No sex education and no father to ask. Books from mother at about 16 but no discussion of these. No awareness of menstruation; discovered this in 5th form from accurate explanation from classmate. No sniggers.
No flush loos; had to empty outside bucket from loo in the garden by the lemon tree - involved digging hole for contents every two or three nights. Mowed lawns.
At 16 a man at last. Learned to drive at Asplins. No passenger seat in car for examining traffic cop who had to sit on a box. Test involved 5 minute circuit (Collingwood St for hill start) and 5 questions. First car was Model A roadster body with 1948 V8 motor. Rob had his first hot rod.
Interview finishes at 3:50.
Couldn't find Levis or white jacket. Bought black jacket with leopardskin patterned lining, white socks.
"I was ready to go..."
Friday night the big night. Pascoe's Corner Garden Place until 9 o'clock; 15-19 year olds all went there until they started going steady at about 19. At 9 o'clock the late session at one of the movie theatres. Preferred movies rock `n roll or car themes. Scorn for `Doris Day' movies at the Regent. Get home about 1.30 am and sleep late on Saturday morning.
The Peter Pan by the Embassy was the most popular when Rob was 14, changing to the Hollywood Milk Bar at 16-17. Cars and bikes and "posing" (aware of posing) hated by the "sporty types" despised because they had "short-back-and-sides" haircuts. Rob recalls 27 fights in one month (December) Other groups would gatecrash the Starlite ending in a fight.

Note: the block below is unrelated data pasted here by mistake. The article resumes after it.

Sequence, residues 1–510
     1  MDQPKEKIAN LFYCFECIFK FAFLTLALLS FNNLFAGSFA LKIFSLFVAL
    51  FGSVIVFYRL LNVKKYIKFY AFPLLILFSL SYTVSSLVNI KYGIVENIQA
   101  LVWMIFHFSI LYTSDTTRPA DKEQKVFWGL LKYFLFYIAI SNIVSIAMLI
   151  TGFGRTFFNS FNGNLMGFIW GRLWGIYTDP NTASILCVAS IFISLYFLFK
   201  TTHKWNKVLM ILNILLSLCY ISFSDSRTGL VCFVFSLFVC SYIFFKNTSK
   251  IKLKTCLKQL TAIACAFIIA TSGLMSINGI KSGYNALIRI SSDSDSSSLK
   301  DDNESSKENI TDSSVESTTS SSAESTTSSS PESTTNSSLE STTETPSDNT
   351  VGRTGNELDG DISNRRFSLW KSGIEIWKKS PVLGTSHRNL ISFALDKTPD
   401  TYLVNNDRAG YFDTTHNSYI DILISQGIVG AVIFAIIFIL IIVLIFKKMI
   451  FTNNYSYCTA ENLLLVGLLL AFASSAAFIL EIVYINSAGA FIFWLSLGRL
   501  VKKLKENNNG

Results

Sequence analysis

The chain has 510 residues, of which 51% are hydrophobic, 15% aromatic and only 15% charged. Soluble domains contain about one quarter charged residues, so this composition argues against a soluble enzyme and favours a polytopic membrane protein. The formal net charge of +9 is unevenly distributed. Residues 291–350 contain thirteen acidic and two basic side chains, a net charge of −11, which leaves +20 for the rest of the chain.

American slang was cool but Rob was embarrassed by it. Surfing terms not used much because of James Dean image. Didn't read much. Remembers comics (Classic ), British Film Fun and Waikato Pix. The Waikato Winter Show was a big deal; involved most of a weekend and saving up about 10 shillings, but became "kids' thing" at about 15-16
Rob's mother liked going to the Dolly Varden with its "beautiful pies" but Rob found going there with his mum embarrassing. Adams Bruce shop a highlight for its ice cream and cakes. Rob regretful shop no longer there.
Avid listener; Goon Show, Take It From Here, Round the Horne and Randy Stone. Would try to tune in to Auckland stations for hit parades (ranking of pop songs). In 1960 arrival of TV. Didn't like jazz. Rock `n roll received little air time but movies increased its popularity. Teenage audiences received no recognition as a group.
1958 saw Johnny Devlin,
"He was just the bee's knees..."
Tells anecdotes about unfortunate incidents in picture theatre which led to banishment from theatre. Severe punishment because of large part movies played in teenage entertainment. Remembers first hamburger (cost 1/9d).
About 1958-59 bodgies began to disappear. Rob's group stayed together although some girls left to Rob's regret.
"Girls were a good part of my life, they were really lovely people"
Still saw them sometimes, but most left Hamilton.
Courtship & Marriage
Met wife (Margaret) in 1962 and saw her at parties (she was flatting) but at 21 became interested in surfing. Felt grown-up at 21. Went surfing around Australia, came home in 1966, married 1967. Two children, married 28 years.
Hopes & Ambitions
Teenage Rob wanted to be doctor but realised futility. Giving half wages to mum for support (see beginning side 1) No real ambitions, compares self to own children at same age.
Made lifelong friends, had a woinderful time, no regrets.
"It was lovely, it was neat. The music, cars, people..."